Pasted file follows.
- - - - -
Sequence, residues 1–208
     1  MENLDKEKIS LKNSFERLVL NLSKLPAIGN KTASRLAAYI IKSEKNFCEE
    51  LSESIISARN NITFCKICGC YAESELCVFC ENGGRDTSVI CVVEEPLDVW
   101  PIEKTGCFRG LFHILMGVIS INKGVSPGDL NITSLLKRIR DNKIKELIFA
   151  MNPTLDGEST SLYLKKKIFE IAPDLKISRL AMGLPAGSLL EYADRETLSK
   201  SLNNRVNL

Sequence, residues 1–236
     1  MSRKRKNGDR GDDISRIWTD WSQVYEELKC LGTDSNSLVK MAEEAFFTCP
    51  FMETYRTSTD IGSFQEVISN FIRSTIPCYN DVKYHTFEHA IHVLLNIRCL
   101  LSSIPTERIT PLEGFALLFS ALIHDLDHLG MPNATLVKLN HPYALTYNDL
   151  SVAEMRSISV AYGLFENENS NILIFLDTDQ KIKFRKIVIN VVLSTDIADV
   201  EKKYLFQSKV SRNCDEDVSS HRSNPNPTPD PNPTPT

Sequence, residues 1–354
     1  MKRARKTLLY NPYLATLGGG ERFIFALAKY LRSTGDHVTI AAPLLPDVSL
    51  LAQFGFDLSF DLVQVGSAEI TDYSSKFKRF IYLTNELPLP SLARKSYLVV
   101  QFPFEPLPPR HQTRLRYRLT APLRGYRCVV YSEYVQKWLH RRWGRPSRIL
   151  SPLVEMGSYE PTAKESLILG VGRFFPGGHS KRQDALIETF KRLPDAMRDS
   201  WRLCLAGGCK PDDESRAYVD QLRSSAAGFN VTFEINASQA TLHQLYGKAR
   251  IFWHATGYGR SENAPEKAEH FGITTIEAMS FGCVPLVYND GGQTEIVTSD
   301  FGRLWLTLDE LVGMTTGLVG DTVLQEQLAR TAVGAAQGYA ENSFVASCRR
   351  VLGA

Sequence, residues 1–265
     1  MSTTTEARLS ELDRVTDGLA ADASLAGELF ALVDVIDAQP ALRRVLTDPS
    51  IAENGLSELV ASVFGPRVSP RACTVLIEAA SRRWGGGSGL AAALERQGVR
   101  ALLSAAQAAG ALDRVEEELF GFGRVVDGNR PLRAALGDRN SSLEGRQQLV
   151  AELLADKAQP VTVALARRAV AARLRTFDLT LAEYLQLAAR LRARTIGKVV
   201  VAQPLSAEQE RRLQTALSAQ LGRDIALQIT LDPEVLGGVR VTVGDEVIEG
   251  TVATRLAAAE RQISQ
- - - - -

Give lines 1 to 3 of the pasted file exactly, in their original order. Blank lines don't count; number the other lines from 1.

Sequence, residues 1–208
     1  MENLDKEKIS LKNSFERLVL NLSKLPAIGN KTASRLAAYI IKSEKNFCEE
    51  LSESIISARN NITFCKICGC YAESELCVFC ENGGRDTSVI CVVEEPLDVW